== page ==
Pink salmon caught in Galway, 2017.

Pink salmon (Oncorhynchus gorbuscha)

The pink salmon is native to river systems flowing into the North Pacific Ocean, the Arctic Ocean and the Bering Sea between Siberia and Alaska. During their breeding migration from the sea to spawn in freshwater streams, rivers and intertidal areas, usually in late-summer to mid-autumn, the males develop a pronounced humped on their back, so pink salmon are sometimes also known as humpback salmon. The females dig redds in gravels, cover them over after spawning and then guard them; the adults do not return to sea but die soon after spawning. The juveniles hatch the following winter and make their way to sea the following spring. The adults feed at sea but return to rivers to spawn after only one winter at sea. 

Because they die after spawning once (a semelparous species), this means that pink salmon populations typically have a two-year life cycle for migration and spawning: pink salmon born in odd-numbered years generally do not spawn or interbreed with those born in even-numbered years. 

Stockings introduced to support commercial fisheries in northwest Russia have established populations in northwest Russia and northern Norway, and this migratory species occasionally strays westwards and southwards from this range. In 2017, pink salmon were caught in Ireland, mostly in rivers in the West, and elsewhere in Europe in unprecedented numbers, and they reappeared in 2019, 2021 and 2023.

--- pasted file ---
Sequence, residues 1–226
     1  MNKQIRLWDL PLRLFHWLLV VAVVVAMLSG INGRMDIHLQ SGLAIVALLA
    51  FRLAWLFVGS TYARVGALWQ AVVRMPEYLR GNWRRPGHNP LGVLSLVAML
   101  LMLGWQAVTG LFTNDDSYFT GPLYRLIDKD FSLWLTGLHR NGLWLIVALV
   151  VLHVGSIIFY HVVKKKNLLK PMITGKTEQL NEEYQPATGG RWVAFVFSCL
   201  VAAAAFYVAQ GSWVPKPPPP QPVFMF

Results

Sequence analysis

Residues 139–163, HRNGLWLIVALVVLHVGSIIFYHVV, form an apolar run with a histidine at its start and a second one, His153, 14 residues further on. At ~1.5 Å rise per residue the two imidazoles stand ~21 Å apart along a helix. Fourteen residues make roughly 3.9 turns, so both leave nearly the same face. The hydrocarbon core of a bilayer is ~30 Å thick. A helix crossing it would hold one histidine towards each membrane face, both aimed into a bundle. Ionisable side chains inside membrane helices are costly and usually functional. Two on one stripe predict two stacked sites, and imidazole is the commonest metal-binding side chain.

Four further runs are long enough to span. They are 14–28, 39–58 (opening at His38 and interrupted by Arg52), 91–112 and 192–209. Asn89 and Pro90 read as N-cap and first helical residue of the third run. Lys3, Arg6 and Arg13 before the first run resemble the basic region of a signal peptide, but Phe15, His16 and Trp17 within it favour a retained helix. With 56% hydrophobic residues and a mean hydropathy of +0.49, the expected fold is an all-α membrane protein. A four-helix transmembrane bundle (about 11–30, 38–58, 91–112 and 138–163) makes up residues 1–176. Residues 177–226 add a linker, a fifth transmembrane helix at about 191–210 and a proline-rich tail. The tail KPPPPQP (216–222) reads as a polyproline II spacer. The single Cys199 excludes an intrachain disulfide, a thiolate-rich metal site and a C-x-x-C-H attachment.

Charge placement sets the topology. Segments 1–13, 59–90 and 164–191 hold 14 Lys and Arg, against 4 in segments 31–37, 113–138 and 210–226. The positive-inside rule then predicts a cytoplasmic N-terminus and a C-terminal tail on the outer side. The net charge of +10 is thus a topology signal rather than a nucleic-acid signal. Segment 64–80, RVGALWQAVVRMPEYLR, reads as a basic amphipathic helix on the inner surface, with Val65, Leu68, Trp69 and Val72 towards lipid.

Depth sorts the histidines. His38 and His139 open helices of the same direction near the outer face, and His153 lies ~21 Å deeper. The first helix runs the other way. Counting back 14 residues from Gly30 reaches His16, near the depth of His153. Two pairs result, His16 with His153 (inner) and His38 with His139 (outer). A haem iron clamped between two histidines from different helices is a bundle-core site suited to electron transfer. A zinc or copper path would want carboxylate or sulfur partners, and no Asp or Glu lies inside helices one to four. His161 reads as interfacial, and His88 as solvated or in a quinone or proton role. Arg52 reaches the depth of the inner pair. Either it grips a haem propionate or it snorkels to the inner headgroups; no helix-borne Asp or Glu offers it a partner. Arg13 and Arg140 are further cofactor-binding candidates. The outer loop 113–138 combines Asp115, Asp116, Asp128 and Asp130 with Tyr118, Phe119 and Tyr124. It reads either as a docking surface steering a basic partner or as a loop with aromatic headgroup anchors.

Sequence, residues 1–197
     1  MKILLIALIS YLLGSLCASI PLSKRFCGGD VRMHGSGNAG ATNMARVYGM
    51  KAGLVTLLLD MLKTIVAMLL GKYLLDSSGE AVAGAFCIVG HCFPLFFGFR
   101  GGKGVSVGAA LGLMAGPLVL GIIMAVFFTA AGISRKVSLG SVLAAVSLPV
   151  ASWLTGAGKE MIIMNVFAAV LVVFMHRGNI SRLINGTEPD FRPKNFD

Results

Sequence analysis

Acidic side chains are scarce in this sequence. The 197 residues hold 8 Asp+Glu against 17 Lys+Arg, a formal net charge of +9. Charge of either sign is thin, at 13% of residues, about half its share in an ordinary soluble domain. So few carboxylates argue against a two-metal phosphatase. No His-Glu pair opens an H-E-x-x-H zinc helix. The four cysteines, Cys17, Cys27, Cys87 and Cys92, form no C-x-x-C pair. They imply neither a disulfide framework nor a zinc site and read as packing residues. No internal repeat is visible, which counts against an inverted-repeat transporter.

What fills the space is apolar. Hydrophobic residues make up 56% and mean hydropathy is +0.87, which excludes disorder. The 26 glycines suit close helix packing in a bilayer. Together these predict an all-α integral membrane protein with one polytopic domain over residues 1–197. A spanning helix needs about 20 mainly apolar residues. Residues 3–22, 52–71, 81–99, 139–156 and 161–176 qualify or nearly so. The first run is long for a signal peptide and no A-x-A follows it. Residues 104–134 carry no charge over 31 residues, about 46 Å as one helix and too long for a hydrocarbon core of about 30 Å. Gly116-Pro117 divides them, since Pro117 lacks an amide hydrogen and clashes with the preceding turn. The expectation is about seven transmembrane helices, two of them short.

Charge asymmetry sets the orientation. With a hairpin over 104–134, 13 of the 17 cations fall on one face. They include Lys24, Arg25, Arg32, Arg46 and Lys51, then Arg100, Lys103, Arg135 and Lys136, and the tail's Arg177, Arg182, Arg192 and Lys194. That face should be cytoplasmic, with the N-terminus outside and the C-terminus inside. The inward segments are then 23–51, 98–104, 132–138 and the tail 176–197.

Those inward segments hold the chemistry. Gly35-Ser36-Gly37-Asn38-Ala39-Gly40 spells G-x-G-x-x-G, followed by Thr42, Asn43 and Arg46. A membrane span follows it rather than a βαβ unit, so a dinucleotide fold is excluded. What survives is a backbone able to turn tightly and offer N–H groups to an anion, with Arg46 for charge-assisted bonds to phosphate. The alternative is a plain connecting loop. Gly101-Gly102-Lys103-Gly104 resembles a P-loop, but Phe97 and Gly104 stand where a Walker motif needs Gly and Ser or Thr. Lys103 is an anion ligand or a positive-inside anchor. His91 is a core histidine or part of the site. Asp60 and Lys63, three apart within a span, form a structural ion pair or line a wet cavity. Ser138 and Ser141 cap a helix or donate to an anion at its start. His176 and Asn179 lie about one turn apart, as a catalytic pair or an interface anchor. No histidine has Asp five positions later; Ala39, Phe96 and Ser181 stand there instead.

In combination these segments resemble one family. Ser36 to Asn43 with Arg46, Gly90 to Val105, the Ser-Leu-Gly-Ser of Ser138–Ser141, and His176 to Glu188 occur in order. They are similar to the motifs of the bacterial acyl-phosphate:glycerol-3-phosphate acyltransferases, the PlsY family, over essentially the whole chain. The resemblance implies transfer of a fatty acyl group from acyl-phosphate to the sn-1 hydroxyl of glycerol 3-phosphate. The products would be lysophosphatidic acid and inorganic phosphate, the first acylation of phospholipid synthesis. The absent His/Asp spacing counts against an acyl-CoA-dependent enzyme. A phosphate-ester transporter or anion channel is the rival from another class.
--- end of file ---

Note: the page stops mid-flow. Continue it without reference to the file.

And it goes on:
Pink salmon differ from Atlantic salmon in following ways:

  • Large black oval spots on the tail
  • Anal fin has 11-19 rays (Atlantic salmon have 7-11)
  • Much smaller scales than similar-sized Atlantic salmon
  • No dark spots on the gill covers
  • Upper jaw typically extends beyond eye

Inland Fisheries Ireland is closely monitoring the occurrence of pink salmon in Ireland's rivers and collecting samples to assess whether they have the potential to spawn and become an invasive species. Anglers are asked to keep and freeze any pink salmon they catch and to report them to Inland Fisheries Ireland by calling 0818 34 74 24 (open 24 hours a day, 7 days a week) without delay.

IFI is now using environmental DNA (eDNA) sampling to monitor Irish rivers for invasion by pink salmon in the PINKTrack project.

Pink salmon caught in Galway, 2017.

Male pink salmon with characteristic humpback and colours developed at spawning time. Caught in the River Erriff, 2017.

Report a pink salmon

Our number is 0818 34 74 24 (open 24 hours a day, 7 days a week)

Pink Salmon Factsheet and Identification Flyer
(1.02 MB)
Assessment of potential ecological impacts of pink salmon and their capacity for establishment in Ireland
(886.62 KB)